February 24, 2023

Hispanic Ministry / Felix Navarrete

The Church, though many, makes up one body of Christ

(En Espanol)

Sean GallagherAs we go through an era of divisiveness and irrationalism, we find ourselves in a world that increasingly cries to find a point of balance, a true understanding of cultures, races and languages. This need is indisputably authentic and must be categorized as urgent in society and, especially, within our Church.

As Catholic Christians, we are called to understanding, service, solidarity and a search for the common good.

The Apostle Paul continues to be a prophet for our times. In his letter to the Corinthians, he reminds us that whoever fails to love has nothing of worth. Even when our actions are good, if we do not act out of love, those actions are useless.

This form of evangelization might sound a bit unorthodox to some, but when we leave behind our pride and objectively reflect on these words, we realize that it is actually Christ through Paul who calls us to a deep conversion through love.

Understanding is only reached through love. It is as if a veil comes off or a bandage is removed to let us know and interpret the needs of others.

Our faith reminds us it is not enough to have good intentions; in reality, what matters is to love. When one loves, a sublime feeling exists and good acts, including acts of mercy, are released. It is at that point that we reach a true understanding of our call to discipleship.

Where there is love, there is no room for division. Where there is love, the wicked are not applauded. Where there is love, there is no pride.

If we claim to be the Church of Christ, why do we allow divisions to exist within our communities? Have we not been called to love? Our duty as members of the Church is, above all, to accept the will of God—even when the will of God today translates into a series of challenges that make us leave our comfort zone.

Our communities today are increasingly diverse. They no longer minister to a specific ethnicity, nor do they all speak the same language, nor are all professionals who have knowledge of the blessings of our intercultural family of faith.

Our Church has undergone a transformation, where migration is a determining factor in the evangelization process; where the influence of cultures has generated and will continue to generate changes in the representation of our parish ministries and Catholic schools; where we need to update the mission of each of our parishes and adapt the Gospel message we live.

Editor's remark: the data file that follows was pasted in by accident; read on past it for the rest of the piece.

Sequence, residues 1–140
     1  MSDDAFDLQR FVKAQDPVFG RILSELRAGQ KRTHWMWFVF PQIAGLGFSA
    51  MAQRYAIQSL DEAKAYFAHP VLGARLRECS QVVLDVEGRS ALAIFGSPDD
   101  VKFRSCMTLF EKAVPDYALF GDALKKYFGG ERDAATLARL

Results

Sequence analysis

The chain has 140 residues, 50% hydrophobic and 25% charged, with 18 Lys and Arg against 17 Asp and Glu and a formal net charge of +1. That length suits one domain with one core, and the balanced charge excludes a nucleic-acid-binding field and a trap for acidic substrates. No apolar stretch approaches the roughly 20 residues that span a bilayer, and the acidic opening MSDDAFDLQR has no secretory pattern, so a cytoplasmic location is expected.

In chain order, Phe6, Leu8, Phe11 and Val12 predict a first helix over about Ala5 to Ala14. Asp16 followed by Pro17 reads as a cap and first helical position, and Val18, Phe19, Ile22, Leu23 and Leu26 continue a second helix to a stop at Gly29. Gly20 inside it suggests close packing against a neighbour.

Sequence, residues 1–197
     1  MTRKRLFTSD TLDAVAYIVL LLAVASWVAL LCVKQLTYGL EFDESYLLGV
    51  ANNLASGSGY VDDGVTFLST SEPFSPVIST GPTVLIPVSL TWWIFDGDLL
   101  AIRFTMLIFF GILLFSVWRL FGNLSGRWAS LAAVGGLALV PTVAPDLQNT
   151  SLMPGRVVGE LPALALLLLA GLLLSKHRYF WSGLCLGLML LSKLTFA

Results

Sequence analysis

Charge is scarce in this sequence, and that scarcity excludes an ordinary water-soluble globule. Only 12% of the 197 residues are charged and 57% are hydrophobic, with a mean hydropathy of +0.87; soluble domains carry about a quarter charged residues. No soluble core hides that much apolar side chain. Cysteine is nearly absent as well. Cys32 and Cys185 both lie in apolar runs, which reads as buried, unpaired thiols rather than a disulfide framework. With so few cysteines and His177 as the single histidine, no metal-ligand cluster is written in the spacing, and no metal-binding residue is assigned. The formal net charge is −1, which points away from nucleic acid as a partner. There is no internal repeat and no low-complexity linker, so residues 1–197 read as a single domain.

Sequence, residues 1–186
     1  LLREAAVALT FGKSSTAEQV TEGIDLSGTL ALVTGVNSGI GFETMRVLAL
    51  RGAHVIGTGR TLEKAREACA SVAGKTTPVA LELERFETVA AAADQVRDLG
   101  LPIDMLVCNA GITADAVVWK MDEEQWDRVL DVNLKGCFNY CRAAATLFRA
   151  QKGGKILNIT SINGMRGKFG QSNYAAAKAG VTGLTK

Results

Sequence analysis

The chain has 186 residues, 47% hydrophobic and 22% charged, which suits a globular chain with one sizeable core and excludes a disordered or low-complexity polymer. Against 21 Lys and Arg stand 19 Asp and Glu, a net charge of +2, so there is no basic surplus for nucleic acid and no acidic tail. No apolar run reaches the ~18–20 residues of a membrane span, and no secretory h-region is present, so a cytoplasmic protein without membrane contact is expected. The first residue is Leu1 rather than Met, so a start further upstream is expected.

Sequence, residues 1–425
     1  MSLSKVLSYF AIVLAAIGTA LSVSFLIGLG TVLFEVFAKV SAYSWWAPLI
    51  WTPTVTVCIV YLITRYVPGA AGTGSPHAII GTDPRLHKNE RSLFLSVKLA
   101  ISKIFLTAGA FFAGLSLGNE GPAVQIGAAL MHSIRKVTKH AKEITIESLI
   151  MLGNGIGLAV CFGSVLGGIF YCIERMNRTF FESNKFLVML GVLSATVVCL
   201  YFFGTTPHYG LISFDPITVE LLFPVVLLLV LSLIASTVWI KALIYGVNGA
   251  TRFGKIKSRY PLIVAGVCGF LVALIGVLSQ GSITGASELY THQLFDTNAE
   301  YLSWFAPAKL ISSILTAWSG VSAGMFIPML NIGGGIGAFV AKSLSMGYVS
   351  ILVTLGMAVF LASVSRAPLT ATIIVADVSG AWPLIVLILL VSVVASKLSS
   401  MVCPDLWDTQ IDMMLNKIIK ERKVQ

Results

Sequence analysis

In this movement of the Holy Spirit in each of our communities, we can experience a diversity of works, but we must realize it is the same God who works in us all.

St. Paul, in his First Letter to the Corinthians, tells us, “The manifestation of the Spirit that each one is given is for the common benefit” (1 Cor 12:7). In other words, all the gifts and charisms that come from the Holy Spirit and are manifested in each of the members are a gift to the community and promote the common good.

The rationality of our senses must be in perfect harmony with the Gospel message that calls us to be bearers of the good news, of a message of salvation that does not exclude people because of culture and the nuances of each race or language, but rather finds strength in a Church that by God’s will is diverse and whose diversity contributes to the extension of the kingdom toward the peripheries.

All of God’s people have a duty to incorporate their gifts at the service of the Church of Christ. It is imperative to seek the unity of his mystical body. “The parts of the body are many, but the body is one; no matter how many parts there are, they all form a single body. So also, is Christ; … a single member is not enough to form a body, but many are needed; … God has arranged the various members, placing each one in the body as he wanted; … even more, the parts of the body that seem to be weakest are the most necessary” (1 Cor 12:12, 14, 18, 22).

In the Church of Christ, we are all necessary. Our diversity of talents makes it a continuous school of learning where we all share a single mission, to be disciples of the Master. What are you waiting for to accept God’s will in your ministry?

(Felix Navarrete is archdiocesan coordinator of Hispanic Ministry.)

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